What’s The Difference Between A Condo And A Co-Op?
The main difference between condos and co-ops boils down to who owns the property. If you live in a condominium, you have ownership over your individual unit. If you live in a co-op, you own shares of a company that owns the building. As a co-op owner, you don’t own the unit. Instead, you own the right to live in the building and be a part of the community that manages it.
This difference in ownership can lead to other disparities between co-op and condo living. Here are some other ways that these home types can differ:
Co-ops are better suited for short-term dwellers while condos may be a better fit for those seeking something more long-term. This is because buying a condo is a form of real estate investment, and each of your monthly payments will help you build equity over time.
Co-ops can have high down payments based on where you’re located, ranging between 20% – 30% in popular cities. However, the Washington Post found that most co-ops tend to be cheaper than condos per square foot. Another trade-off is that co-ops tend to have cheaper closing costs than condos, since you won’t have to pay for things like title insurance.
At a glance, condos may seem to have cheaper monthly payments than co-ops. However, co-op payments are usually more expansive, covering things like utilities, building maintenance, and other costs that aren’t rolled into a condo’s monthly payment. Keep in mind, with a co-op you may be asked to contribute to the overall upkeep of the building, including common spaces or updates.
It’s common for condo dwellers to answer to a condo association, which much like a homeowners association (HOA), creates and maintains community guidelines. However, at the end of the day, condo dwellers have ownership over their unit, which affords them the freedoms that a typical homeowner has, like the ability to renovate.
Co-op residents, on the other hand, are only paying for the right to live in the building. Since co-ops are a collective ownership, any changes a resident hopes to make will have to go through the shareholders for approval. Most co-ops also hire a management company or assemble a board of shareholders, to make decisions and carry out day-to-day tasks. This includes fee collections and managing common spaces.
By nature, co-op communities are usually tightly knit. Though great for camaraderie, this can make the approval process for getting into a co-op intimidating or lengthy. Plus, if you want to make any changes to your living space, you’ll need permission before doing so.
If you’re looking for a community with lots to do, a condo is probably your better match. Condos tend to offer residents a wider array of amenities. Here are some of the most common ones:
- pool access
- Rooftop deck or lounge area
- Recreational sports areas and courts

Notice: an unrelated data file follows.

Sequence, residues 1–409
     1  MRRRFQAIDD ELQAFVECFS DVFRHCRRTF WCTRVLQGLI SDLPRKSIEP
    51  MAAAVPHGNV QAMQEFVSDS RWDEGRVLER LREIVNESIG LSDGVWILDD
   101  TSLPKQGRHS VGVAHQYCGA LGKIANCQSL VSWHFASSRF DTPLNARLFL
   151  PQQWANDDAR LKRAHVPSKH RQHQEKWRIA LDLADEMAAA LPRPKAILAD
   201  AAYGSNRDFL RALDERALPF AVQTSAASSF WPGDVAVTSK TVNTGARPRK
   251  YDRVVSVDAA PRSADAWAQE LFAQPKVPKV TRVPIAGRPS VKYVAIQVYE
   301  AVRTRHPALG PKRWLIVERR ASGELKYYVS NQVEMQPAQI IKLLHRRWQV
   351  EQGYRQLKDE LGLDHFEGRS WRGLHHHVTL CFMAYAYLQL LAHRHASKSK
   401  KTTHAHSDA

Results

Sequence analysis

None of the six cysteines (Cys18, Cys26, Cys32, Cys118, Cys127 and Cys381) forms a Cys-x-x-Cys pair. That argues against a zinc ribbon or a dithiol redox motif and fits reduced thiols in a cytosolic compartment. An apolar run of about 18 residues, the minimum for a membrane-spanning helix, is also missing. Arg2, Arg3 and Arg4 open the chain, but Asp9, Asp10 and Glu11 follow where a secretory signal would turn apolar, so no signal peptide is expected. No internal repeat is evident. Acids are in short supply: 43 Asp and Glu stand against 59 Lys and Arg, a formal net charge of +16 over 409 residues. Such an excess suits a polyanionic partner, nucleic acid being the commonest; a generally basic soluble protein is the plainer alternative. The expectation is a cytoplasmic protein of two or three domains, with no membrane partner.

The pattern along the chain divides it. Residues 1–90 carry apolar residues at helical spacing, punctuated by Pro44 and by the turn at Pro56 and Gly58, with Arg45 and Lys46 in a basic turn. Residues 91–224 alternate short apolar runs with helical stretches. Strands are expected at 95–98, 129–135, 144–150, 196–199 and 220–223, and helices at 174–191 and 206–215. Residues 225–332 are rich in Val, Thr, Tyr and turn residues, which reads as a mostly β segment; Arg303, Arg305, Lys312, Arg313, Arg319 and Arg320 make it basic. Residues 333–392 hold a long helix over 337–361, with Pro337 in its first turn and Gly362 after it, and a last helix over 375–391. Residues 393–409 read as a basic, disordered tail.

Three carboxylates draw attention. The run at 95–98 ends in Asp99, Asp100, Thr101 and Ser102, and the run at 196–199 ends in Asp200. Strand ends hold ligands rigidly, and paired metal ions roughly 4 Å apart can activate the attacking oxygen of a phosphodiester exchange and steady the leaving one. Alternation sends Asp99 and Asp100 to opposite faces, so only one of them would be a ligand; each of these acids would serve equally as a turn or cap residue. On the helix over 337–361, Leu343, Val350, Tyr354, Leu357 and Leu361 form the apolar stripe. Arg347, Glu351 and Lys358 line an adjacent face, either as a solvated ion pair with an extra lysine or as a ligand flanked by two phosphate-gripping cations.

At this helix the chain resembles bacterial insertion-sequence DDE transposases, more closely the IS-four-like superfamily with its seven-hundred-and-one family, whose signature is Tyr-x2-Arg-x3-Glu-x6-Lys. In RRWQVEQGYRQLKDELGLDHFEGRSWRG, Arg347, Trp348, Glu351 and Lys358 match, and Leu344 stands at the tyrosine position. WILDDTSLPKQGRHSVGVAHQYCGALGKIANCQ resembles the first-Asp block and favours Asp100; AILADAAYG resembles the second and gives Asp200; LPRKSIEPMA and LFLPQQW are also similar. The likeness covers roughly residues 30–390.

- Event space
That isn’t to say however, that co-ops don’t bring anything to the table. Many co-ops also provide shared spaces for residents – game rooms and lounge areas being among the most common. And with a co-op you’ll also have the peace of mind that your fellow residents are similarly invested in preserving and taking care of the building and community spaces.
It’s also common for both condos and co-ops to have some sort of front desk service and third-party security to keep residents safe.
If you’re looking to break into real estate investment and think subletting may be something you’re interested in, co-ops aren’t the best fit. Most co-op boards don’t allow for subletting, and those that do usually allow it only in very particular circumstances.
Condos, however, are a great option for buyers looking to generate a passive income through renting out their home. Very rarely do condo associations have rules against subletting, because it’s, after all, your property.
At first, the mortgage approval processes for co-ops and condos seem quite similar. You must get approved for a loan and choose your lender. Your lender then must review the property you’re interested in financing to ensure it meets criteria like construction status and occupancy requirements. Only then will your lender move forward with approving a mortgage.
But when it comes to moving into a co-op, there are a few more steps involved regarding eligibility. Not only is it more difficult to secure financing for this kind of housing, but you’ll also have to undergo the approval process set in place by the board of the building you’re interested in. This involves an in-depth application process, interview and gaining board approval before you’re permitted to buy co-op shares.
While condos are widely available in both cities and suburban areas, co-ops are a bit harder to come by. Most often found in densely populated cities and metropolitan areas, co-ops may not be the best fit for buyers who crave a more bucolic lifestyle.
Since a condo is considered real estate, most lenders aren’t afraid to work with borrowers looking to finance one. Because of this, the process of buying a condo is nearly identical to that of buying a house. Here are the types of mortgages generally available for condos:
Financing a co-op, however, is where it gets tricky. Not only are lenders reluctant to take on co-op loans, but co-op themselves can have strict rules regarding financing. Depending on how you plan to finance, the co-op board may rule you ineligible.
Additionally, when the time comes for you to move on from co-op living, it can be difficult to find someone to sell your shares to. Even if you find an interested buyer, they still need approval from the co-op’s board before you can sell.